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Thursday, 13 June, 2002, 18:47 GMT 19:47 UK
Thailand carving an illegal trade
Elephants in Bangkok
Analysts say Thailand take elephants for granted

The Ambassador hotel is one of Bangkok's largest and busiest. It is a sprawling complex of buildings situated just off one of the city's best-known thoroughfares.

Tour groups from many countries pass daily through its doors.

Ivory on sale in Bangkok
Thailand is at the centre of the world's ivory trade
But the Ambassador has a more questionable reputation - one that puts it squarely at the centre of Thailand's illegal trade in ivory.

In the hotel lobby are at least six shops whose brightly-lit windows are filled with gleaming white ivory figurines and other decorative ornaments.

There are Chinese-style statuettes, carved animals, and other figures crafted in exquisite detail. There are even whole tusks, intricately hollowed and shaped into miniature representations of village life in rural China.

On show

These curios - on sale to any hotel guest or visitor - are among more than 88,000 ivory products openly on sale in shops in Bangkok and other Thai cities.

We had one visit from the inspectors last year... We told them our ivory was all old, from before the law (banning its sale). We didn't have any problem at all

Bangkok shopkeeper

They were recorded in a recent survey that identified Thailand as having far and away the largest domestic market for ivory of any Asian country.

Since 1993, Thailand has been a signatory of the Convention on International Trade in Endangered Species (Cites). The trade in elephant products is also banned under Thai law. But there is an important loophole.

Cites only prohibits the trade in wild animal products - not those taken from domesticated creatures. This allows unscrupulous traders to claim their ivory was procured from Thailand's small population of tamed, working elephants.

"It's very hard to tell the difference between domestic and wild elephant ivory," says Sawan Sangbunlung of the Worldwide Fund for Nature (WWF). "It's a big problem and the traders know how to exploit it. We must train the authorities how to distinguish the two kinds."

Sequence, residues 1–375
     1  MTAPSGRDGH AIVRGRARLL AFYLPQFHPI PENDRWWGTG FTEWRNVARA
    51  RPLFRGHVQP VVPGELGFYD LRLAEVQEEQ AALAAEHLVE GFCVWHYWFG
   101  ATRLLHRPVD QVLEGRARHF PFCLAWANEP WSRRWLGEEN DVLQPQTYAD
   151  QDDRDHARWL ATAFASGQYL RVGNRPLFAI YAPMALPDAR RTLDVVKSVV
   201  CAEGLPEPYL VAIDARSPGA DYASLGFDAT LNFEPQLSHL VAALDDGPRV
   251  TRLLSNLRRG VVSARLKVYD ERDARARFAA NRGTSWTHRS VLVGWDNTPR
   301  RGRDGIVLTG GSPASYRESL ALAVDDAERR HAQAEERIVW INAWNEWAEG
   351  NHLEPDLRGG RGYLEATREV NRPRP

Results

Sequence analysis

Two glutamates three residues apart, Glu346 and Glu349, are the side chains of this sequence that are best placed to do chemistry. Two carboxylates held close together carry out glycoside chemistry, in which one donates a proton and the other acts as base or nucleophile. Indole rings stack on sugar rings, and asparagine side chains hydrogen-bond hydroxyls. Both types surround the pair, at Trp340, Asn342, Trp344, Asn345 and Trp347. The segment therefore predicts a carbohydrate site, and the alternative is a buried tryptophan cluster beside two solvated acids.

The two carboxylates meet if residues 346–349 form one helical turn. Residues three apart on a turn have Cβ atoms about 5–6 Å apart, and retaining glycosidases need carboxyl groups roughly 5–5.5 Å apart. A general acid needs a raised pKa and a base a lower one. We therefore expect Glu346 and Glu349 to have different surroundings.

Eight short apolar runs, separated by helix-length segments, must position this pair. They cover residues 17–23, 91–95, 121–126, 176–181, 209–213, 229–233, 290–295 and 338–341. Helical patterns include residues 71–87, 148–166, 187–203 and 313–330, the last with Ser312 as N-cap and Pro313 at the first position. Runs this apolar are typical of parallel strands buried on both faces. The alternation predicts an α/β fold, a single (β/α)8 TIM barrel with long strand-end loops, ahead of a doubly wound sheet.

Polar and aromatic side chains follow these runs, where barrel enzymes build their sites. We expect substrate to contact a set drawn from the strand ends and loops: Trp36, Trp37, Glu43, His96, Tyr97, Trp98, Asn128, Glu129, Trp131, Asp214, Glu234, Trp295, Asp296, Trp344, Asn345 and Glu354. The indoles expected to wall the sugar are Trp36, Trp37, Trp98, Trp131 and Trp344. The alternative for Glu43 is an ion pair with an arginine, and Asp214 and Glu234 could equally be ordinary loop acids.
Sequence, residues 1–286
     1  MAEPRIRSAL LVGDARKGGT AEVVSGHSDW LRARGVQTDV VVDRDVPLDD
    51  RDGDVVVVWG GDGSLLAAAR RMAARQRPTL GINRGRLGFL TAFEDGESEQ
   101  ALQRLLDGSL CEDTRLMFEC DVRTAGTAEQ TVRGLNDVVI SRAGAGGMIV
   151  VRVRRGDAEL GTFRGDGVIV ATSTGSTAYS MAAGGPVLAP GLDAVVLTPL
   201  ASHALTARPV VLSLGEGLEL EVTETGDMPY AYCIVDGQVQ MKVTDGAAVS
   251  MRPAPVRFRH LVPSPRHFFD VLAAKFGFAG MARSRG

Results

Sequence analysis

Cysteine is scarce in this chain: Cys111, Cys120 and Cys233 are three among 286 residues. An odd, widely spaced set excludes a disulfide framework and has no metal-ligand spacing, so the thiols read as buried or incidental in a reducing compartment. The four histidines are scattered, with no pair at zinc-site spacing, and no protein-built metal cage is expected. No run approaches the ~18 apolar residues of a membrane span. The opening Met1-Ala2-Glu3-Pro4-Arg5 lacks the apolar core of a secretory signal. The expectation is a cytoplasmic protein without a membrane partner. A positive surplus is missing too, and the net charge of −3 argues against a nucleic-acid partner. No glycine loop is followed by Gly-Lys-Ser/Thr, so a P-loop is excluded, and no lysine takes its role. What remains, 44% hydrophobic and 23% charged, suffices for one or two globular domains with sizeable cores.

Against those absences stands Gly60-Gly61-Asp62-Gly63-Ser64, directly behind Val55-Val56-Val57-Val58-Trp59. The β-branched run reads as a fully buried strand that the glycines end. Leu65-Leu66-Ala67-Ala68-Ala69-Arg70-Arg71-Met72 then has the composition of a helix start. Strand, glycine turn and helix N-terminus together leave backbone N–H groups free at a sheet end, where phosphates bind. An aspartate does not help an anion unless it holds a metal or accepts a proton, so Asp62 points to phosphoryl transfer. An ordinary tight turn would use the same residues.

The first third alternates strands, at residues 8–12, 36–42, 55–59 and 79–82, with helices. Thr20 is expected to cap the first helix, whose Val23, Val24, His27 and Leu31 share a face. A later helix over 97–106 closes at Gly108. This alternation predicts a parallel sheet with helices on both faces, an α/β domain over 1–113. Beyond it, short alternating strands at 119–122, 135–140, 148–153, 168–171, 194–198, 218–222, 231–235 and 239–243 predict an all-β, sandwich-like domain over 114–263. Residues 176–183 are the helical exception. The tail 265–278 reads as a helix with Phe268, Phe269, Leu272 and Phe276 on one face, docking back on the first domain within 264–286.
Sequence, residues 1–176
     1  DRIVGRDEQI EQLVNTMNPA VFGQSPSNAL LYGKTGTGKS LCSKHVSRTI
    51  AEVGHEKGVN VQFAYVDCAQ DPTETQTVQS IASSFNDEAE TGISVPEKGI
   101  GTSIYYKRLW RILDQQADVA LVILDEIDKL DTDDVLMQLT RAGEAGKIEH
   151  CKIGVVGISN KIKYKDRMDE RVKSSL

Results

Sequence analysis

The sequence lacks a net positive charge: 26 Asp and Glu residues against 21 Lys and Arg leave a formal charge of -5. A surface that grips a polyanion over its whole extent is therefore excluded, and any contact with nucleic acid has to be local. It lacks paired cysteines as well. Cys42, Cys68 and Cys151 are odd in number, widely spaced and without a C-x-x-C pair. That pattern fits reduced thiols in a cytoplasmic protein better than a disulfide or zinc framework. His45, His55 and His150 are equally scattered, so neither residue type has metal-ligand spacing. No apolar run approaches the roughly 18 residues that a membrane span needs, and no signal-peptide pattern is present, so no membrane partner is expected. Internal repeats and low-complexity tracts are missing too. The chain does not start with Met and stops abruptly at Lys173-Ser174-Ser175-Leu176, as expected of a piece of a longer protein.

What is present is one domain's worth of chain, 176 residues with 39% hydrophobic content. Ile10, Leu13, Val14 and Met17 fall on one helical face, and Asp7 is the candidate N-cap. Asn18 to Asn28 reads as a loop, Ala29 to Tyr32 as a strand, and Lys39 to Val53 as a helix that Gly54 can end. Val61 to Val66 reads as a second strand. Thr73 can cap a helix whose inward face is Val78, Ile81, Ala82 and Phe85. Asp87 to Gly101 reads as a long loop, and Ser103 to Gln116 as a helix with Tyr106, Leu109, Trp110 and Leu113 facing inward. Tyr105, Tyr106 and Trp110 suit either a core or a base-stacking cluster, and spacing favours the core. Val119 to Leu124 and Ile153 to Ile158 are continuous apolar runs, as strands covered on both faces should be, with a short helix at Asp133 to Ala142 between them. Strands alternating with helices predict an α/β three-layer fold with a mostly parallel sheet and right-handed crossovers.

Escape clause

The traders have other excuses at the ready too.

King Antiques is a plush central Bangkok store dealing mainly in top-end furniture and other oriental goods. But one cabinet is set aside for ivory items which the shopkeeper - who introduced himself as Mr King - was only too pleased to show me.

Ivory on sale in Bangkok
Ivory products are openly on sale in Thailand

"These are old pieces, from China and Burma" he explained, gesturing to some delicately carved ivory figures priced at anywhere up to 75,000 baht (US$ 1,785).

Asked whether it wasn't illegal to try to export such items from Thailand, Mr King replied: "Small pieces like these I think are no problem. Because we have many foreign customers, they usually carry (them) out."

The survey - commissioned by Save the Elephants - found that Western tourists and businessmen, especially French, Germans and Italians, head the list of purchasers of ivory goods in Thailand. Visitors from other parts of Asia are also eager customers, the report says.

Smuggling port

Another important finding is that most of the ivory on sale in Thailand is not from Asian elephants but from their African cousins. The survey says the majority of raw elephant tusks being smuggled out of Africa are bound for Thailand and China.

Tim Redford of WildAid says huge quantities of poached African ivory are being, in effect, laundered through Thailand:

"There are regular seizures of imported ivory at Thai ports," he says. "But these represent only a fraction of what's getting through. I think the authorities could act more positively and take more drastic action by looking at the 'legal' trade in ivory on their own doorstep."

Back in the lobby of the Ambassador hotel, few of the ivory traders seemed concerned by the possibility of a crackdown on their activities.

"We had one visit from the inspectors last year," one shopkeeper told me. "We told them our ivory was all old, from before the law (banning its sale). We didn't have any problem at all."

Ivory trade hotline

The WWF's priority is raising public awareness about the ivory issue and the plight of elephants in general.

Part of the current campaign is special radio announcements, asking members of the public to phone a hotline number with any information they might have about the illegal ivory trade.

Tim Redford of WildAid says it's a start, but that much more needs to be done.

"There seems to be complacency in Thailand about elephants, because people have seen them all around them historically for thousands of years, and they're seeing them on the streets of Bangkok - they seem to think there's no problem facing elephants."

The reality is very different, and so long as the Thai authorities fail to fulfil their international obligations, elephant populations worldwide will continue to pay the price.

See also:

14 May 02 | Science/Nature
25 Apr 00 | Asia-Pacific
06 Mar 00 | Asia-Pacific
30 Dec 98 | Asia-Pacific
04 Apr 00 | Africa
09 Feb 99 | Science/Nature
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